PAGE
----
Now with a new introduction for the Tor Essentials line, A Fire Upon the Deep is sure to bring a new generation of SF fans to Vinge's award-winning works.
A Hugo Award-winning Novel!
“Vinge is one of the best visionary writers of SF today.”-David Brin
Thousands of years in the future, humanity is no longer alone in a universe where a mind's potential is determined by its location in space, from superintelligent entities in the Transcend, to the limited minds of the Unthinking Depths, where only simple creatures, and technology, can function. Nobody knows what strange force partitioned space into these "regions of thought," but when the warring Straumli realm use an ancient Transcendent artifact as a weapon, they unwittingly unleash an awesome power that destroys thousands of worlds and enslaves all natural and artificial intelligence.
Fleeing this galactic threat, Ravna crash lands on a strange world with a ship-hold full of cryogenically frozen children, the only survivors from a destroyed space-lab. They are taken captive by the Tines, an alien race with a harsh medieval culture, and used as pawns in a ruthless power struggle.
Tor books by Vernor Vinge
Zones of Thought Series
A Fire Upon The Deep
A Deepness In The Sky
The Children of The Sky
The Peace War
Marooned in Realtime
Tatja Grimm's World
Collected Stories of Vernor Vinge
At the Publisher's request, this title is being sold without Digital Rights Management Software (DRM) applied.
It has been six years since Vinge's last book ( Marooned in Realtime ), but the wait proves worthwhile in this stimulating tale filled with ideas, action and likable, believable characters, both alien and human. Vinge presents a galaxy divided into Zones--regions where different physical constraints allow very different technological and mental possibilities. Earth remains in the ``Slowness'' zone, where nothing can travel faster than light and minds are fairly limited. The action of the book is in the ``Beyond,'' where translight travel and other marvels exist, and humans are one of many intelligent species. One human colony has been experimenting with ancient technology in order to find a path to the ``Transcend,'' where intelligence and power are so great as to seem godlike. Instead they release the Blight, an evil power, from a billion-year captivity. As the Blight begins to spread, a few humans flee with a secret that might destroy it, but they are stranded in a primitive low-tech world barely in the Beyond. While the Blight destroys whole races and star systems, a team of two humans and two aliens races to rescue the others, pursued by the Blight's agents and other enemies. With uninterrupted pacing, suspense without contrivance, and deftly drawn aliens who can be pleasantly comical without becoming cute, Vinge offers heart-pounding, mind-expanding science fiction at its best.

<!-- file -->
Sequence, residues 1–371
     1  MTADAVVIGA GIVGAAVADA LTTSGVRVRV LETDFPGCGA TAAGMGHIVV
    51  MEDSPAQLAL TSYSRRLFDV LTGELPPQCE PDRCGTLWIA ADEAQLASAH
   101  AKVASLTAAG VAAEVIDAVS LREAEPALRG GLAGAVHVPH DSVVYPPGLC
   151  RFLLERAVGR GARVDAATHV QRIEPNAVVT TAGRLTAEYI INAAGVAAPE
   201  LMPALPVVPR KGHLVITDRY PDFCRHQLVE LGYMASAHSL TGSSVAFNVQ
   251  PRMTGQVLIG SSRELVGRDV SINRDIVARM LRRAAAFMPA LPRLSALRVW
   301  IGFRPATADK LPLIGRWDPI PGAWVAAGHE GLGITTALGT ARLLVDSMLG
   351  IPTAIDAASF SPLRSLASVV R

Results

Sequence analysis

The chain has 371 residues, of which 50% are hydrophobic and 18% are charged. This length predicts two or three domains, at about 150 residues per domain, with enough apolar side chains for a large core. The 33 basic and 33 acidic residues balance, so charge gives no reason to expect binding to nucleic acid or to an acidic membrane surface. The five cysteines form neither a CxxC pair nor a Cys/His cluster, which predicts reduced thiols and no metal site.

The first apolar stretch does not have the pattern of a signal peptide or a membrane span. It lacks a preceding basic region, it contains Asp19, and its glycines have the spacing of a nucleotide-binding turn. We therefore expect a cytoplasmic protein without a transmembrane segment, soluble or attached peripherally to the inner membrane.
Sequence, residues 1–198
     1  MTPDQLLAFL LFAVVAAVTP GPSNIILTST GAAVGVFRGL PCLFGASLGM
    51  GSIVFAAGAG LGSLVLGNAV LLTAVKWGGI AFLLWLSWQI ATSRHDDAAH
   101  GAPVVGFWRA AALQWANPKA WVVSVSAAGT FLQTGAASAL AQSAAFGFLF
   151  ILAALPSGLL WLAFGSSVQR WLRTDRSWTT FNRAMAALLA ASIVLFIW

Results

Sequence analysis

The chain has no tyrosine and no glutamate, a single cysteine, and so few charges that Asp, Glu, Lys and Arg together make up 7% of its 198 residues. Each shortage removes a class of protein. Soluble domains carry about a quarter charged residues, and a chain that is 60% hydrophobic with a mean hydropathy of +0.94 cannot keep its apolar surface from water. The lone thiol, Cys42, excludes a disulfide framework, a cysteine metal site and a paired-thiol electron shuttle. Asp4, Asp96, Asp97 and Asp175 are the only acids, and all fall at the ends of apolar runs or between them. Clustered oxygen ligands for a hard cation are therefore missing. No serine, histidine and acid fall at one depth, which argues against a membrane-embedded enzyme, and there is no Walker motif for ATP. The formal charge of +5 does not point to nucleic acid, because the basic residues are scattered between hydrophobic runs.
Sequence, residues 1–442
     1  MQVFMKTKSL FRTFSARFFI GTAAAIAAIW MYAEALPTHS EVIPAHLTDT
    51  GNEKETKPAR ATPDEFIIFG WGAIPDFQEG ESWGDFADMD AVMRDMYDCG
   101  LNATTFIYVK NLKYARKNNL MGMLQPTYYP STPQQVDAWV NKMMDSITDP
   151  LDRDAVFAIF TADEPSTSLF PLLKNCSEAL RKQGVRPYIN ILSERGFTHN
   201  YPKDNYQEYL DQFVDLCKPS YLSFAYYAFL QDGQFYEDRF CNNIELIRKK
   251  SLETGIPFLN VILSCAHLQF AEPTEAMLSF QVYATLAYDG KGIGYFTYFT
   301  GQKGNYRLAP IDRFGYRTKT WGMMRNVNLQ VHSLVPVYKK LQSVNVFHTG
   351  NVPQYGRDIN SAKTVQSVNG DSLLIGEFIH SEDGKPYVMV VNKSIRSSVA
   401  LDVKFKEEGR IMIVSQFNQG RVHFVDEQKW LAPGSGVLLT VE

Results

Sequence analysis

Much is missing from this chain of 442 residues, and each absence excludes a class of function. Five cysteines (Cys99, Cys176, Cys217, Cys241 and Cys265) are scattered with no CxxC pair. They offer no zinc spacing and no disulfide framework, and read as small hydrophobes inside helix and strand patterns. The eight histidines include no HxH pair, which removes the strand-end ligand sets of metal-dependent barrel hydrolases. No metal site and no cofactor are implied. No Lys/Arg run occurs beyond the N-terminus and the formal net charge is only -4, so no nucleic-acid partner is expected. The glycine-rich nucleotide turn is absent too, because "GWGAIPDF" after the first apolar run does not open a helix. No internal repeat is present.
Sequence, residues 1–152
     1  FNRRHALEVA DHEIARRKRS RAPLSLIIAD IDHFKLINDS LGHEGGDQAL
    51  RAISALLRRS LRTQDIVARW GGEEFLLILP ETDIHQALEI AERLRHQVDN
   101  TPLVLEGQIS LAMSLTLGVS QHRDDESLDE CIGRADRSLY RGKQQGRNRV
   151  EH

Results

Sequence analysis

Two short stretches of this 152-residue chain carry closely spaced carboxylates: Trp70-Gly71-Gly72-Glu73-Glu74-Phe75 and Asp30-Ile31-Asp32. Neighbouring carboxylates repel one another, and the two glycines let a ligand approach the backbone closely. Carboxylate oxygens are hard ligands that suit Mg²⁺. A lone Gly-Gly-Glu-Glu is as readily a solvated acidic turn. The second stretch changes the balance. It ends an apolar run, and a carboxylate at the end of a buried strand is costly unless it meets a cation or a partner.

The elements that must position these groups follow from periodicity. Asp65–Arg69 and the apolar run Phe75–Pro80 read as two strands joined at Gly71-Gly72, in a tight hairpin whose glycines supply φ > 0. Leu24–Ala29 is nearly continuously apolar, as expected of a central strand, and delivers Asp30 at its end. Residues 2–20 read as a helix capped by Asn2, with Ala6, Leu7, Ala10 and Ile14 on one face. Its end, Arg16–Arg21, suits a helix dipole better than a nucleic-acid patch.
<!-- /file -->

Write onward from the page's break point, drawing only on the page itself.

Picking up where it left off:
Customer ReviewsSee All
A great sci-fi story
Make sure that when you read this, you don't let the fairly murky beginning make you put the book down. The story does a very good job of clearing itself up and explaining everything fairly well by the end. Although it did take me a second read to fully comprehend every little detail (such as the dogs using vibrating protrusions from their head and shoulders to read their packs thoughts, it's not telepathy) it was totally worth taking the journey all over again. Once you've read this, I strongly recommend taking a look at its prequel, A Deepness In the Sky. Another fantastic book that follows the main character's history with the Qeng Ho fleet, millennia before the events of this book.
Do yourself a favor and push past the post-intro rough patch. Confusing at first and maybe a bit of a turn off, but worth pushing through. There’s a reason this won a Hugo award! If it helps, here are some of my favorite books (which is really just a list of popular sci-fi): Old Man’s War, Three Body Problem, Pandora’s Star, Seveneves, and the Jack Reacher books (sci-fi whaaa?).
100 Words or Less
I loved the opening chapter … and then came the doglike telepathic symbiotic warriors?
Ugh. I suppose those aliens are as good as any, but from that chapter I knew exactly where this novel was heading. Okay, maybe I didn’t know exactly, but it was enough of a disappointment for me to stop reading.
I just have no patience for the “children among aliens” plot devices.